Australia’s Civil Aviation Safety Authority (CASA) ungrounded the B737 MAX on February 26, 2021, thereby becoming the first regulator in the Asia-Pacific region to do so.

"We have accepted the comprehensive return-to-service requirements specified by the FAA as State of Design for the 737 MAX and are confident that the aircraft are safe. Our airworthiness and engineering team has assessed there are no additional return to service requirements for operation in Australia," Acting CEO and Director of Aviation Safety Graeme Crawford said.

For the time being, CASA's decision remains moot since no Australian airline operates the type. Virgin Australia (VA, Brisbane Int'l) has firm orders for twenty-five B737-10s but does not plan to take deliveries of any of them before mid-2023.

CASA underlined that two foreign airlines, Singapore's SilkAir (which is gradually being merged into parent Singapore Airlines) and Fiji Airways used to operate B737-8s on routes to Australia. The former does not currently fly to Australia due to COVID-related border restrictions while the latter uses a mix of B737-800s, A330-200s, A330-300s, and A350-900s to operate limited services to Brisbane Int'l and Sydney Kingsford Smith.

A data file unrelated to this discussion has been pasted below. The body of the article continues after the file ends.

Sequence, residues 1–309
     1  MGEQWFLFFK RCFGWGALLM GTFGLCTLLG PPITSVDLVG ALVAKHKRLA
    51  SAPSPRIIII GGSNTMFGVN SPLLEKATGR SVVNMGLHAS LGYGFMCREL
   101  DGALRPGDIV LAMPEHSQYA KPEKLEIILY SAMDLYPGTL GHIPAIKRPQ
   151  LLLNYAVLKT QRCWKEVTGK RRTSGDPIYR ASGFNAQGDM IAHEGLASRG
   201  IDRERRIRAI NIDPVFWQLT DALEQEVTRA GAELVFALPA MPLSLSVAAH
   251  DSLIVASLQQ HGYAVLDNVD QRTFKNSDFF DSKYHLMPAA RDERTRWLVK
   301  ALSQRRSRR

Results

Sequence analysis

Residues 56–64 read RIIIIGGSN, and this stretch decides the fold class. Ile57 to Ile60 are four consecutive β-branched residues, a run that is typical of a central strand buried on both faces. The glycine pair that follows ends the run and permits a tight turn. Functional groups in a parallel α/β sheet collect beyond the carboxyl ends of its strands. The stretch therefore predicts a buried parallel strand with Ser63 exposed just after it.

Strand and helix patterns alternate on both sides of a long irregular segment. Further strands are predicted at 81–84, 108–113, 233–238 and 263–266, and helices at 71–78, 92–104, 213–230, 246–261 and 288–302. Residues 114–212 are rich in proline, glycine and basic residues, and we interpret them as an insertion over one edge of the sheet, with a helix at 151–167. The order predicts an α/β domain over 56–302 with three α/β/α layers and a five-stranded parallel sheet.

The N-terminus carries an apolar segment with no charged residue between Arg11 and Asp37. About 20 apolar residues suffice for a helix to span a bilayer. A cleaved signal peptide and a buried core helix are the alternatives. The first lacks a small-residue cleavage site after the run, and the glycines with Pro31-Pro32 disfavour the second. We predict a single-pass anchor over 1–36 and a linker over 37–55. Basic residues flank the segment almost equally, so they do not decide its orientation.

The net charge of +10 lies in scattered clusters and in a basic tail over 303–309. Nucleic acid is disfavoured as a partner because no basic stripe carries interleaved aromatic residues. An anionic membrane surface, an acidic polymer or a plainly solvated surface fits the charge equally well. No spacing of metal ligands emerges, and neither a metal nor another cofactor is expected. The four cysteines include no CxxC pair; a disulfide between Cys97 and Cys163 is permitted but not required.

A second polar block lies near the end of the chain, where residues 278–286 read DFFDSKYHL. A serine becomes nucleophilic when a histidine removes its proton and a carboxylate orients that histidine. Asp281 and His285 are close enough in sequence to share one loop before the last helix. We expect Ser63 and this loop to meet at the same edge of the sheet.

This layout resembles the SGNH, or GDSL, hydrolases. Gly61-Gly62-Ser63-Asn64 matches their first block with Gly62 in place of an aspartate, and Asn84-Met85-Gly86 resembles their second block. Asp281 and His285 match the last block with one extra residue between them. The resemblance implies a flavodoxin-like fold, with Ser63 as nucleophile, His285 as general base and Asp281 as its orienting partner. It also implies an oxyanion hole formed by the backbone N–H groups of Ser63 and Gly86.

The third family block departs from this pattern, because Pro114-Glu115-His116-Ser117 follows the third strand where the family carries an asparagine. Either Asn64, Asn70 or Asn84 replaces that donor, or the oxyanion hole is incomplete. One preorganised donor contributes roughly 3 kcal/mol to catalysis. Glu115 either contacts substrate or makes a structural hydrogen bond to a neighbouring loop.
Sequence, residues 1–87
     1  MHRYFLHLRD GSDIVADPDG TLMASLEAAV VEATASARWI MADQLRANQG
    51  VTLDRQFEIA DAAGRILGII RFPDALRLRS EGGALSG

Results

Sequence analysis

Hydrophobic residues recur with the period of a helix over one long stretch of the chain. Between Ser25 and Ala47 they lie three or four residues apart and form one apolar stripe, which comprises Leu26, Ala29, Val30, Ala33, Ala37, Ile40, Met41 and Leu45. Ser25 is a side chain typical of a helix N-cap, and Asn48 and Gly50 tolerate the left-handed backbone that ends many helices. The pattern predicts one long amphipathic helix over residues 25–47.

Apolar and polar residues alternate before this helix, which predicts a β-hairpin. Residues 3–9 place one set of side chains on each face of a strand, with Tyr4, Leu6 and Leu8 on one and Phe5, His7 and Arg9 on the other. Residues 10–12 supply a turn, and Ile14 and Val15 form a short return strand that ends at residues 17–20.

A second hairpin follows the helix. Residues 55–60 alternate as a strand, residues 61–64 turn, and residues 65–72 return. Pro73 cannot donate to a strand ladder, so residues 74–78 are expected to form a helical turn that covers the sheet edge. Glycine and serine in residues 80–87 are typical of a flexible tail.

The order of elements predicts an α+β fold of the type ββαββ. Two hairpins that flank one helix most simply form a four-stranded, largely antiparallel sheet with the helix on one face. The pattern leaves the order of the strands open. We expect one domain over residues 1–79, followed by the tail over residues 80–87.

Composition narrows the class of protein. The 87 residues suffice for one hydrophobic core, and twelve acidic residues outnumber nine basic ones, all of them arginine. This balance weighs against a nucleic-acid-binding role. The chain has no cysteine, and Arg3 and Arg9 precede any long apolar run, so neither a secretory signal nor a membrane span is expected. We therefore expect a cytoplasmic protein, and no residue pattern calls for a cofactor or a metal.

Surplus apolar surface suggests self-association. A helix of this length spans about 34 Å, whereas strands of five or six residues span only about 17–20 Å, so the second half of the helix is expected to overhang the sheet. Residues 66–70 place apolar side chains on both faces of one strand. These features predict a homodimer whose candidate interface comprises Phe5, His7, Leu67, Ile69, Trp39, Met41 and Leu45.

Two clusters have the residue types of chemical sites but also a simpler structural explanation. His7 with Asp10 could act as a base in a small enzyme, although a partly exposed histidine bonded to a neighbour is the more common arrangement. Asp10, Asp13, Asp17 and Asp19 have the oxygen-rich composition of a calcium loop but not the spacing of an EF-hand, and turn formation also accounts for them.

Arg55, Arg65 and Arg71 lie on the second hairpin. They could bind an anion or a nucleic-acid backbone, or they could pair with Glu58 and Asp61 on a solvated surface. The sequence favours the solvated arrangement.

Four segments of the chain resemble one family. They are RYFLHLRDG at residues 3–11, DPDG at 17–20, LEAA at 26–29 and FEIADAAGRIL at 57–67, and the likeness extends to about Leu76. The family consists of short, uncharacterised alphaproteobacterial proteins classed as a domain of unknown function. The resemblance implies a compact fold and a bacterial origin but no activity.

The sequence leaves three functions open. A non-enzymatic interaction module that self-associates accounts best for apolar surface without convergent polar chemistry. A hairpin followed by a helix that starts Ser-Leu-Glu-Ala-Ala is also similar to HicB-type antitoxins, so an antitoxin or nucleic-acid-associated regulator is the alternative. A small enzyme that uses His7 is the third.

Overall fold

Air Niugini (PX, Port Moresby) is another Pacific airline which has a firm order for four B737-8s, the ch-aviation fleets advanced module shows.

Following the US Federal Aviation Administration's (FAA) decision to unembargo the B737 MAX, the European Union Aviation Safety Agency (EASA), Transport Canada, Brazil's ANAC, and now CASA have followed suit. The remaining major regulators which have yet to issue such a decision include Russia's Rosaviatsia, India's Directorate General of Civil Aviation, and the Civil Aviation Administration of China (CAAC). While India is reportedly near to the ungrounding of the type, the CAAC has said it is not ready yet and needs further studies to be carried out.